As attentive readers will remember, the purpose of my trip was to “scope”. To visit the field sites and connect with my partners at WCS in order to gain a better understanding of the situation and be able to plan my research. I am happy to report that it was a very successful trip. WCS are very supportive and engaged partners and I look forward to joining their team. They were very open to my ideas for designing interventions in an experimental way, so this will be an exciting challenge for the next few years.

Cambodia is starting to feel familiar and as my language skills improve I feel increasingly at home

After some time spent in Phnom Penh meeting people and taking Khmer lessons, I moved on to the town of Preah Vihear. WCS bases their operations in the “northern plains” from here and I stayed in their ‘technical-advisor house’. From here I met more of the WCS teams working in the area and made a number of trips into the field. Some of these were directly to sites related to my prospective research, but on others I took the opportunity to join trips that weren’t directly related. These were often exciting camping trips to very remote areas and gave me the chance to see what was going on in the area and to spend some quality time with the WCS team. I felt very privileged to have such access to these spectacular forests, which are not visited by many foreigners, even if it wasn’t without risks! (see the photo below with the knowledge that nobody was hurt)

This isn’t a travel blog so I wont overload you with details on where I went and what I ate. If you are interested in seeing a bit more of Cambodia and the places I went I’ll be working on some short ‘video diaries’. I’ve already made 2 of these (let me know what you think!) so check them out and watch this space.

Now that I’m back in the UK I will be working hard to plan and prepare my next trip. I will be looking for some Cambodian students to join me as field assistants and developing the research instruments that I will take to collect data. This trip may be sooner than expected, in just a few months, so there isn’t much time! In addition I’m helping to organise a summit on Conservation Optimism which is going to be fantastic and a very important event for conservation – do join if you have an interest in conservation.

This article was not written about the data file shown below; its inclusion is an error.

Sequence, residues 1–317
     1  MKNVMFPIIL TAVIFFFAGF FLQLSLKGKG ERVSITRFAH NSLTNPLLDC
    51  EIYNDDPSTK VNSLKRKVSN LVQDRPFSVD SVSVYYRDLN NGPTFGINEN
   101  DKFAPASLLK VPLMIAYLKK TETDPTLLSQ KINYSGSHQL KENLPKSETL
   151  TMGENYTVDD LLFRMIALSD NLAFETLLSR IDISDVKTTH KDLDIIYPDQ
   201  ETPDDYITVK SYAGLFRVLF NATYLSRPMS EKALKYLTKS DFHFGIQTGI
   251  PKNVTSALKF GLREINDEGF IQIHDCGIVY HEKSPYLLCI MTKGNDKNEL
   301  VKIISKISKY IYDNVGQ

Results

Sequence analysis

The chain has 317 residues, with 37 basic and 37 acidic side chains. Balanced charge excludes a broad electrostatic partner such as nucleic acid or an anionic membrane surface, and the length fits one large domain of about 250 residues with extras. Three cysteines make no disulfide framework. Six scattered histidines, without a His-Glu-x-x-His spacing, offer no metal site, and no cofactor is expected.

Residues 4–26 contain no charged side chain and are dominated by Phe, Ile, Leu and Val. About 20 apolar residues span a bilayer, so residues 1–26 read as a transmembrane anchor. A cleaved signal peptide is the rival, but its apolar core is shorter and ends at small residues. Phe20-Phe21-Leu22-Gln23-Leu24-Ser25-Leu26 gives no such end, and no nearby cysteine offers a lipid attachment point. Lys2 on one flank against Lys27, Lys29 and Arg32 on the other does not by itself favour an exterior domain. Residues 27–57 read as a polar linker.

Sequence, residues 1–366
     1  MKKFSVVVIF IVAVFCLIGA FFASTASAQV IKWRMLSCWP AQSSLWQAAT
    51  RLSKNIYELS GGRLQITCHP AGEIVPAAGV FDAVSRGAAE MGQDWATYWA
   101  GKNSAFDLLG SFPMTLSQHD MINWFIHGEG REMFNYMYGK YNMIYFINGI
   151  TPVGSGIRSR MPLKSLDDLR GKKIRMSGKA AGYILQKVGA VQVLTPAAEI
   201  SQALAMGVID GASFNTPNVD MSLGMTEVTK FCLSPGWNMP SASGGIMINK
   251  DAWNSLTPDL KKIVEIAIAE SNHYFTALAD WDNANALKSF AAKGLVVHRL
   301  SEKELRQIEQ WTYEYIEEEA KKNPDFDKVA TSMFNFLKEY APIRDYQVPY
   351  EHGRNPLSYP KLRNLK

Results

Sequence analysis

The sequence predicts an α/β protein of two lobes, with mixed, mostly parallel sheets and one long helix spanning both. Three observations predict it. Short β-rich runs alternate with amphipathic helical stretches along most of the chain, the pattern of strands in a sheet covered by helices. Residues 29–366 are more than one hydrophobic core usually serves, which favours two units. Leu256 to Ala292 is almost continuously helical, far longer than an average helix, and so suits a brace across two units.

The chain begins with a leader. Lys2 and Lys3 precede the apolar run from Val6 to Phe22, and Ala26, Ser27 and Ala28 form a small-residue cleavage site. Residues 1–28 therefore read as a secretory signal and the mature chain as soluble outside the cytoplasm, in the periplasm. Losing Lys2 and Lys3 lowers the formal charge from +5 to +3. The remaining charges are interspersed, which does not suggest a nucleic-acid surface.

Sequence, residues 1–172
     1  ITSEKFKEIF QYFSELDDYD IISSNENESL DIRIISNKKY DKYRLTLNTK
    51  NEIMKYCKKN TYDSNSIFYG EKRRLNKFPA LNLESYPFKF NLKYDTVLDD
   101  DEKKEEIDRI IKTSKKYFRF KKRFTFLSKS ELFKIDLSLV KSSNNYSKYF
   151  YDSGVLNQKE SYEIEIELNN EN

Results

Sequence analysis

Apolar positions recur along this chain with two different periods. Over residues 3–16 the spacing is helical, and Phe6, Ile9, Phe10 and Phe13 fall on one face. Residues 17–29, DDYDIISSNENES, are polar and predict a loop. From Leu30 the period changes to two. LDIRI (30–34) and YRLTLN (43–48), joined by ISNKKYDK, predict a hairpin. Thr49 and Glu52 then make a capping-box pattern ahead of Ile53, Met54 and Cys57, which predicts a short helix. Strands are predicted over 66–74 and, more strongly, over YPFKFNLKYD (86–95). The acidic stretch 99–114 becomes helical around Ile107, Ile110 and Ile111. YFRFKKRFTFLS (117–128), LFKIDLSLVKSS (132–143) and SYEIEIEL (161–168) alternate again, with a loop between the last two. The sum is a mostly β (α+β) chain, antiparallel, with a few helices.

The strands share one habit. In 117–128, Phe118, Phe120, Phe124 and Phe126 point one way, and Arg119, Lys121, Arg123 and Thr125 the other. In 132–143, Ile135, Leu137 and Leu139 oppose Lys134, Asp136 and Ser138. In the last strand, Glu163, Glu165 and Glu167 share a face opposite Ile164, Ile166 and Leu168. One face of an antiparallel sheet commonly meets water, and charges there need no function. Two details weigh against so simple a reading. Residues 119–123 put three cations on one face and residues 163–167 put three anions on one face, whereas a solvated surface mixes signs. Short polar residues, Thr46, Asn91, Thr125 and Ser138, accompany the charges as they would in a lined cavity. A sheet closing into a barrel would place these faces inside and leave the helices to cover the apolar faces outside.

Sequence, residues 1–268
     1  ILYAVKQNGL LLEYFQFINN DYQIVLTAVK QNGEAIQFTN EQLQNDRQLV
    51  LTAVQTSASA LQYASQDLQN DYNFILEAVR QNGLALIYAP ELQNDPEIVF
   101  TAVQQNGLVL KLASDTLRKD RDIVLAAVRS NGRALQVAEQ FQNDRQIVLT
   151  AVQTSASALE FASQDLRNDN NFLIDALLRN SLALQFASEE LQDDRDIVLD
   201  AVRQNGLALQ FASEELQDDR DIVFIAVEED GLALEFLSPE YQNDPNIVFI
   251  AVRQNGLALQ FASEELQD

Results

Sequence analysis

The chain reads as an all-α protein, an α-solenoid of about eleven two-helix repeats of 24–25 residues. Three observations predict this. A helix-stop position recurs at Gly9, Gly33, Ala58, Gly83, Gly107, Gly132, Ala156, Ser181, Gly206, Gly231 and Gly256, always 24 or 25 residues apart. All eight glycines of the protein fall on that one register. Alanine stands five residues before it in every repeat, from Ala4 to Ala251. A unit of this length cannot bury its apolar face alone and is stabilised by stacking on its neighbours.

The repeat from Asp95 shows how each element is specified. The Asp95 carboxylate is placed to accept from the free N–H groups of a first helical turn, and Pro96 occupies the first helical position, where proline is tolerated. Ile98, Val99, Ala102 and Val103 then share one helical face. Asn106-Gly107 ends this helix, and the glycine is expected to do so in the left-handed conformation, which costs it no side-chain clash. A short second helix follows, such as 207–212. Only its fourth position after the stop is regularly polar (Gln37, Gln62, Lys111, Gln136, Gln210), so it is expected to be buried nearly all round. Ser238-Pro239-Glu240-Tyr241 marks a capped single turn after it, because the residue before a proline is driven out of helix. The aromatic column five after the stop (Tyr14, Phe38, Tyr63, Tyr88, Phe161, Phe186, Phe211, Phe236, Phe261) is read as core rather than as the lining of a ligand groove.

Standing in front of Koh Ker temple
Standing in front of Koh Ker temple. (Photo credit: Rours Vann)
The unfortunate aftermath - nobody was hurt.
The aftermath. Fortunately, nobody was hurt.

Approaches Used to Evaluate the Social Impacts of Protected Areas

The Open Access text is available here. This paper is a version of my undergraduate thesis at Imperial College London.

Abstract

Protected areas are a key strategy in conserving biodiversity, and there is a pressing need to evaluate their social impacts. Though the social impacts of development interventions are widely assessed, the conservation literature is limited and methodological guidance is lacking. Using a systematic literature search, which found 95 relevant studies, we assessed the methods used to evaluate the social impacts of protected areas. Mixed methods were used by more than half of the studies. Almost all studies reported material aspects of wellbeing, particularly income; other aspects were included in around half of studies. The majority of studies provided a snapshot, with only one employing a before‐after‐control‐intervention design. Half of studies reported respondent perceptions of impacts, while impact was attributed from researcher inference in 1/3 of cases. Although the number of such studies is increasing rapidly, there has been little change in the approaches used over the last 15 years, or in the authorship of studies, which is predominantly academics. Recent improvements in understanding of best practice in social impact evaluation need to be translated into practice if a true picture of the effects of conservation on local people is to be obtained.